We complete specifications of DAGs by defining a node set. Observed locations are an intuitive choice of nodes; however, it may be unwieldy to infer directions at the level of observed locations unless they lie on a grid. Since we intend to interpret arrows in DAGs as directional associations between nodes, we simplify the problem by partitioning the spatial domain into regions, each of which becomes a node. Due to the reduced number of nodes from to , the resulting DAG is much simpler. In particular, tessellations of the domain with polygons such as rectangles or hexagons are advantageous because stochastic search of directed edges will proceed analogously for all nodes due to the same neighbor structure and thus the same “bag”. With these tessellations, DAGs lead to intuitive interpretations, e.g. a directed edge from the top to the bottom region can be interpreted as the direction from north to south.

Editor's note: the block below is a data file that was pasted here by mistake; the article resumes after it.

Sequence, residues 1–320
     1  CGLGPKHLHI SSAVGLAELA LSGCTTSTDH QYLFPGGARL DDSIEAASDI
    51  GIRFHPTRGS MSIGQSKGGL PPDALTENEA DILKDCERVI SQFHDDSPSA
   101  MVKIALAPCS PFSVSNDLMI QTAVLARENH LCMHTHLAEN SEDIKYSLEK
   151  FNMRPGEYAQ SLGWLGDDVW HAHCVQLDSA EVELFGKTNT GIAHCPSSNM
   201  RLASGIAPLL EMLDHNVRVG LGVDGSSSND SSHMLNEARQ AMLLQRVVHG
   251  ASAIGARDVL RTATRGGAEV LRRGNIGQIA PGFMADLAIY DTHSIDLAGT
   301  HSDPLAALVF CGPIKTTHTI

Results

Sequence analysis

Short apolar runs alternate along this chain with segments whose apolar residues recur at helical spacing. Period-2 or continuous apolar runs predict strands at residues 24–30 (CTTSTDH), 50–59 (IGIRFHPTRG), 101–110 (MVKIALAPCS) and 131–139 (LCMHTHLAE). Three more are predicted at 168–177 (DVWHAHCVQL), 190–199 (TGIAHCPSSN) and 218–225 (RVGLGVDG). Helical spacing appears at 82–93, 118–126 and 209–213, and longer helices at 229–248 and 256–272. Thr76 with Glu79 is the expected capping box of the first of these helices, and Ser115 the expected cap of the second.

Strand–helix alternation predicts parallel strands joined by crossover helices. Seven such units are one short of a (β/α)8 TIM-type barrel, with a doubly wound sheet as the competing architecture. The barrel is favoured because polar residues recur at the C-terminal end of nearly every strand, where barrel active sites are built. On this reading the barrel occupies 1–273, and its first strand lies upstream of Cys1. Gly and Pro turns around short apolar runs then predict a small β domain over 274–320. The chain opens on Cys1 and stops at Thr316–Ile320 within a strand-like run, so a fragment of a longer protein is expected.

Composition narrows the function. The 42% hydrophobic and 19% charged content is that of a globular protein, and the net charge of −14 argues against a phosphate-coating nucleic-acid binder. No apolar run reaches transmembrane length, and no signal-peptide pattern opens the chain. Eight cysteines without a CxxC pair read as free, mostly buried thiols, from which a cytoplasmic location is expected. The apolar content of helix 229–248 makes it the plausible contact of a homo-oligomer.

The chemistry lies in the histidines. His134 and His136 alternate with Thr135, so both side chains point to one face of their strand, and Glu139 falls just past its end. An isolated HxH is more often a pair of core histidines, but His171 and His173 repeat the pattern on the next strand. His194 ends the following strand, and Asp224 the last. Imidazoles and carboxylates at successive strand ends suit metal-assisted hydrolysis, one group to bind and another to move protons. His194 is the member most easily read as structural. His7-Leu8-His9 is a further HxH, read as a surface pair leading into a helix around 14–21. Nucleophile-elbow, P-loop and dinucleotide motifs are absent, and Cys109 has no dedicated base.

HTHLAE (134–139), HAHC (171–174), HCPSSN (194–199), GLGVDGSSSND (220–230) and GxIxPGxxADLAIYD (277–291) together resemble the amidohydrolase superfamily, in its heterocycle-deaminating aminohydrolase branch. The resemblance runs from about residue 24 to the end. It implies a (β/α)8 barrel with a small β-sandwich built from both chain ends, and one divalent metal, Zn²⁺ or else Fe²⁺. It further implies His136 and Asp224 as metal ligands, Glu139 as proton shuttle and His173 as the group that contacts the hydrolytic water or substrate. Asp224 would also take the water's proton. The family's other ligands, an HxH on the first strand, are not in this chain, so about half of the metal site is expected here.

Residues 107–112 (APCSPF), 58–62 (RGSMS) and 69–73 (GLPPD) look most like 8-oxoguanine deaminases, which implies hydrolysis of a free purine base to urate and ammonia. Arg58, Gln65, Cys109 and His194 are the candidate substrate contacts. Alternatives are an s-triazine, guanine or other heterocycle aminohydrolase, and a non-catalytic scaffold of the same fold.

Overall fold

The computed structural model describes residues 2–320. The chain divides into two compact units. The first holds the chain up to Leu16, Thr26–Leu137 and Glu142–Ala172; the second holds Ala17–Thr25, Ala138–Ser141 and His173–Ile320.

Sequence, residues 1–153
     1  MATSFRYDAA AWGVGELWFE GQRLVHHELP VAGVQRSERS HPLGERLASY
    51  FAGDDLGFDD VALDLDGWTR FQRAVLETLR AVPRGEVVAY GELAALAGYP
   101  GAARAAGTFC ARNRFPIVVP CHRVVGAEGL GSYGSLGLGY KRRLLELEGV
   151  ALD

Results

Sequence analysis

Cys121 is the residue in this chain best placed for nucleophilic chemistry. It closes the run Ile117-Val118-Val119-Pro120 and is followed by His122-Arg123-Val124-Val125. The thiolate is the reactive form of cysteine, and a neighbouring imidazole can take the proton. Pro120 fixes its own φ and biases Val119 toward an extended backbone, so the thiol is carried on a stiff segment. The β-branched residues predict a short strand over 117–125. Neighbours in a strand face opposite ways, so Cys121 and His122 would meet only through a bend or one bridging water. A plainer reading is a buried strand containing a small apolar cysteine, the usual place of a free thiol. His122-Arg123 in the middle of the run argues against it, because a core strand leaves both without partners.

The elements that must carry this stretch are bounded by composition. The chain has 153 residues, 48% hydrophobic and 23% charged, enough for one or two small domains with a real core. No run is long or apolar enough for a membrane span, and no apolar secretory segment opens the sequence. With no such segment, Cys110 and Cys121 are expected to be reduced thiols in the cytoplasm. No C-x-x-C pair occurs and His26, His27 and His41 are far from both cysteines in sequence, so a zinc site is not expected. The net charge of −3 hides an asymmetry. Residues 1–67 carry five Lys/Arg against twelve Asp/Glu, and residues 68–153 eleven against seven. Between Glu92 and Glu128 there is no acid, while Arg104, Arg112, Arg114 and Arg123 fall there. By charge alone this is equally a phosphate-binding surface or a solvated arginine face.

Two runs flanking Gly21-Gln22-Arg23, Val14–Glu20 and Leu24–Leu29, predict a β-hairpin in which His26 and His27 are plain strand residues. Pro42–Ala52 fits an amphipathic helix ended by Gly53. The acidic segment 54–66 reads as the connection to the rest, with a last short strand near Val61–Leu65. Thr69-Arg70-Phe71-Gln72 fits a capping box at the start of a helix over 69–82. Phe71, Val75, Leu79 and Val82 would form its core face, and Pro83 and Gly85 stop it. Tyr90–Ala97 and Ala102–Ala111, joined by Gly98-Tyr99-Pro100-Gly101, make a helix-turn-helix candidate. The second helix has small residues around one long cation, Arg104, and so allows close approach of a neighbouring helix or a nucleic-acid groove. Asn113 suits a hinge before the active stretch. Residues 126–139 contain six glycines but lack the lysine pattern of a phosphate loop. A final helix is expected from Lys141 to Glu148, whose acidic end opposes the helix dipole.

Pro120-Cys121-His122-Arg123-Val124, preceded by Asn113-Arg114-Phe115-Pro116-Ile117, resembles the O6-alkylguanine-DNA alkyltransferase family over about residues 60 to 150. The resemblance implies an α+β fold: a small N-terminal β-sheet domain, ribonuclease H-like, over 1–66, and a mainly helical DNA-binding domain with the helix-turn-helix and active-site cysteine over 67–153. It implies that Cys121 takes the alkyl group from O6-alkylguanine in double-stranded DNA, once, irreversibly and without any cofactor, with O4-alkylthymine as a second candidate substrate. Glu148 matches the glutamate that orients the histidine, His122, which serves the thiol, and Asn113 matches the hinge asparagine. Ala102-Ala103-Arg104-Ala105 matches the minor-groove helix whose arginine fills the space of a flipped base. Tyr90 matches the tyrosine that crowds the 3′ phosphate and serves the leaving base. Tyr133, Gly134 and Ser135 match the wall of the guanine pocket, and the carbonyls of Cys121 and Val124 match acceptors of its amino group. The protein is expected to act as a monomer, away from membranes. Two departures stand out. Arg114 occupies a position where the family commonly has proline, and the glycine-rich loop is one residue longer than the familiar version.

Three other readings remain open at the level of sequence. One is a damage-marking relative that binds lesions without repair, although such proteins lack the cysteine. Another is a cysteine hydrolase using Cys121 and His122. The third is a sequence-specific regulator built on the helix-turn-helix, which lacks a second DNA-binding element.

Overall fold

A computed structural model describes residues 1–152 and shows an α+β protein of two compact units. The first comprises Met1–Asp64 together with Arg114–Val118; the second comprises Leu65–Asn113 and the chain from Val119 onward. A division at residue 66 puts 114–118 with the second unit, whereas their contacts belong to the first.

The rest of the paper is structured as follows: Section 2 formulates BAGs and Gaussian BAGs (G-BAGs) as a special case, followed by an empirical investigation on nonstationarity of G-BAG induced covariance functions. We demonstrate the performance and inferential benefits of our proposed approach via simulation results (Section 3) and application results to air quality data (Section 4). Section 5 concludes the paper with useful discussions and possible extensions. Supporting Material is separately available including detailed derivations of the properties of BAGs, estimation and prediction steps, computational costs, and more results from simulation studies and data applications.

2 Spatial Process Modeling Using BAGs